This morning at our Republican breakfast meeting Senate Candidate John Keyser was the special guest. John served in the State House just after I left, and is truly an impressive young man. He is a Bronze Star Recipient, who has served our nation faithfully and continues his military service in the reserves. I also had a lunch meeting with our Energy Action Project Steering Committee. It was good to be with a number of individuals who are partners with us promoting responsible energy development in northern Colorado.
BIBLE VERSE FOR TODAY… “Remove sorrow from your heart, and put away pain from your flesh, because youth and the prime of life are fleeting. So remember your Creator in the days of your youth: Before the days of adversity come, and the years approach when you will say, “I have no delight in them” Ecclesiastes 11:10; 12:1)
“Getting old ain’t for sissies.” It seems that saying originated with actress Bette Davis, who said, “growing old ain’t no place for sissies.” I first heard it from an older gentlemen by the name of John Crandall, who attended my church as a pastor.
What is interesting is that Solomon of old recognized the challenges of life and growing old thousands of years ago. As I was reading the last two chapters of Ecclesiastes, I recognized the flow from the last verse of chapter 11 to the first verse of chapter 12. Solomon warns, “the prime of life is fleeting.”
The verses of chapter 12 reveal all the challenges of old age, Solomon in poetic words, describes loss of hearing, loss of sight, loss of energy, loss of mobility, loss of mental acuity and loss of enjoyment of life. It seems our younger years are spent “gaining” and our later years “losing.” Such is the cycle of life and the aging process.
Since Solomon is concerned about not just observing some of the “futility” of life, but is also a man of wisdom, we find his advice along with his observations. I see two key words, “remove” and “remember.” Life is to be lived, not just endured. It is to be invested, not just spent.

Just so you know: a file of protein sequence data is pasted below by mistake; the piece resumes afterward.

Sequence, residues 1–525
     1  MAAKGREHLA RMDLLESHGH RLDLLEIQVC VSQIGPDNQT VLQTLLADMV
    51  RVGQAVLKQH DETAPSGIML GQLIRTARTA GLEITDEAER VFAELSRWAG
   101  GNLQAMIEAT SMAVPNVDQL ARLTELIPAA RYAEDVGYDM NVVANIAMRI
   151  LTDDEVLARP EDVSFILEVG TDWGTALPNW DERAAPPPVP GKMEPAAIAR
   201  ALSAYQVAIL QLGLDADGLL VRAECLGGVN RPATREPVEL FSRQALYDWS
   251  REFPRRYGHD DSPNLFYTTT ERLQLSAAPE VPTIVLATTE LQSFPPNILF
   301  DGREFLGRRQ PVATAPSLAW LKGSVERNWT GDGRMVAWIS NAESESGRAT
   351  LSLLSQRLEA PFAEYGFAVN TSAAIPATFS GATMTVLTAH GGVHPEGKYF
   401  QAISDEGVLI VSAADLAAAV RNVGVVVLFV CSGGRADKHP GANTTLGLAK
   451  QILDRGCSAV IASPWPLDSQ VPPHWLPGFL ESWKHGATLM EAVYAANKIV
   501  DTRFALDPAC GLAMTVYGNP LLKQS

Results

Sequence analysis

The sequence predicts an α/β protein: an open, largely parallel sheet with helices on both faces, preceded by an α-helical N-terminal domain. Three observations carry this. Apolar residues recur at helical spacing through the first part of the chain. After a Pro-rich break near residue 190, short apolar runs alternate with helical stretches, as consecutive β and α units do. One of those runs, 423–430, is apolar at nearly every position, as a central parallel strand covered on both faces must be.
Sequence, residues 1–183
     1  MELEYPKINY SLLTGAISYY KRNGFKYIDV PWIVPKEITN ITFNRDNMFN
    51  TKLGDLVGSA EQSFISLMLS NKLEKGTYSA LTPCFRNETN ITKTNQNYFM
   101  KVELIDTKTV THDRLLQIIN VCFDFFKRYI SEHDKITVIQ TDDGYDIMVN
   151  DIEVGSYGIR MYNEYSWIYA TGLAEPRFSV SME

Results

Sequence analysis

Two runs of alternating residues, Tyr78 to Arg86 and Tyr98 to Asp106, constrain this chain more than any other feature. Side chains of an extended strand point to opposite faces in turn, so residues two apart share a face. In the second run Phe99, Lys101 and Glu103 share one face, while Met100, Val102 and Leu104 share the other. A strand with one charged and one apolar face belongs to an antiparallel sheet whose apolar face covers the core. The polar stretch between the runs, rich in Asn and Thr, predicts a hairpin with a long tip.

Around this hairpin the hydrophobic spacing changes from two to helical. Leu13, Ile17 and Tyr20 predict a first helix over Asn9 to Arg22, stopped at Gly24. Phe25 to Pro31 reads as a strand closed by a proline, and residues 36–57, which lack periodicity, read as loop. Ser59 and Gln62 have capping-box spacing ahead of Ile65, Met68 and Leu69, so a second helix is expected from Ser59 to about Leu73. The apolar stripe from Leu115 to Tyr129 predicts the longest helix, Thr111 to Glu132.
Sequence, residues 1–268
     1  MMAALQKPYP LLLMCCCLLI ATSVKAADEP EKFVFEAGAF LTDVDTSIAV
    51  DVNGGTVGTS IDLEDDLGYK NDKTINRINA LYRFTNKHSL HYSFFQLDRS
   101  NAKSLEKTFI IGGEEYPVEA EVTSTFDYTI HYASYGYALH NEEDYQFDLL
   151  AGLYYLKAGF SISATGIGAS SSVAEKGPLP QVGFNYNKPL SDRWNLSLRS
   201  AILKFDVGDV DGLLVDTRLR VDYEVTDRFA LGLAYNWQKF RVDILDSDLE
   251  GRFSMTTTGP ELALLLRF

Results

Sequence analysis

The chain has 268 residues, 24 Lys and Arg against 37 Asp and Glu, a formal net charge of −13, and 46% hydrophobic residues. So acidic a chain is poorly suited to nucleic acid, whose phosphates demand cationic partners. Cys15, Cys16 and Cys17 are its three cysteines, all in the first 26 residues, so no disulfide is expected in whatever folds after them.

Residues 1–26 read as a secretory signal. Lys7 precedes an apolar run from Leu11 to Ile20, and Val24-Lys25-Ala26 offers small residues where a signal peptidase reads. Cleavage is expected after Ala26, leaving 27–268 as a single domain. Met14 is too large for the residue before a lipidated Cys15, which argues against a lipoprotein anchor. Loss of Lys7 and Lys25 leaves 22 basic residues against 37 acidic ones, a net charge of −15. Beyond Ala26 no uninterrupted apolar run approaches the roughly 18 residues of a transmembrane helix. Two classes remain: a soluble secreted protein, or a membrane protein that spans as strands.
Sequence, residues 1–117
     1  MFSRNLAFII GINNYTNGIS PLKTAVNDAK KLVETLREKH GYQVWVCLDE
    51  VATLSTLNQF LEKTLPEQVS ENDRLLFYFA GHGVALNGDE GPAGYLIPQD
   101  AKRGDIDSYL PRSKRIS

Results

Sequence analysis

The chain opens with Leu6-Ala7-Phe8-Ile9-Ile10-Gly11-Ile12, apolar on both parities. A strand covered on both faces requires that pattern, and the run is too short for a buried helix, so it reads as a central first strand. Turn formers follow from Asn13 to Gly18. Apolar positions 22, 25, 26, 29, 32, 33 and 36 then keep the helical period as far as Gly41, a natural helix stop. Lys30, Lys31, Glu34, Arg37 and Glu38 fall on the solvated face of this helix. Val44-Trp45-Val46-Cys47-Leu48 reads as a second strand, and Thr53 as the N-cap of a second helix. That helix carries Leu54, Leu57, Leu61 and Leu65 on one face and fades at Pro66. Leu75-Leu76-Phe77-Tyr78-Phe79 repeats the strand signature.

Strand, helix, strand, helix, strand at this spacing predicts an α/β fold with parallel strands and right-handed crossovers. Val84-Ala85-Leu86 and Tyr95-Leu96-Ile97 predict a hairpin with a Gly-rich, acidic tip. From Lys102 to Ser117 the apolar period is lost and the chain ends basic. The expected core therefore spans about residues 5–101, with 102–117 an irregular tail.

He says to “remove sorrow from your heart, and pain from your flesh.” I would suggest that relates to how we maintain a healthy spirit and a healthy body. As we grow older the neglect in those two areas can manifest themselves. The resentments that have been hidden for years, come to the surface. The grudges and forgiveness harbored in our hearts, will manifest themselves.
I have noticed that my 91 year-old mother will often revert back to reliving a painful misunderstanding and false accusation from her youth. I have seen the same type of thing in older people from my years of pastoral ministry. I am always delighted when there is an older person who faces their final days with a gracious spirit and a pleasant demeanor.
Taking care of our physical bodies is important as well. There is a commercial that contains the words, “a body in motion stays in motion.” I discovered the truth of that when I was hospitalized for almost five months. During my initial illness time, a friend who is a retired rehabilitation doctor, told me studies have found that for every day in bed, it takes three days to recover. I remember meeting an elderly lady during my political door to door campaign work. She was delightful and spry for being in her mid 90’s and talked about walking two miles a day.
Solomon also says, “remember.” “Remember your Creator in the days of your youth.” A life lived for God, is a life lived with God. In all that life brings it is important to have the support and resilience that comes from knowing God and placing our trust in Him and our life under His care.
Remember to invest your life. “Send your bread on the surface of the waters, for after many days you may find it.” (Eccl. 11:1 HCSB) It is natural to anticipate a “return on investment” of your money. We can also anticipate a “return on our investment” in the lives of others. That is one thing I experienced during my health crisis. Those that we were there for in their time of need, where there for us in our time of need. That wasn’t the motivation for our service to others, but was an unanticipated blessing what it happened.
Remember to make the best of life. “Rejoice, young man, while you are young, and let your heart be glad in the days of your youth.” (Eccl. 11:9 HCSB) This reminds me of the priorities of life. So often life is lived with the idea of, “when I retired…….” “when the kids are grown….” We become so absorbed in “getting ahead” so we can do what we would like to do in order to enjoy life, but we find “that day” never comes.
I am thankful that we can find guidelines in the Bible that not only reveals how to have “eternal” life, but how to make the most of the life we have right now. Both of those involve Christ at the center of a person’s life. Investing in your spiritual health, impacts all areas of your life.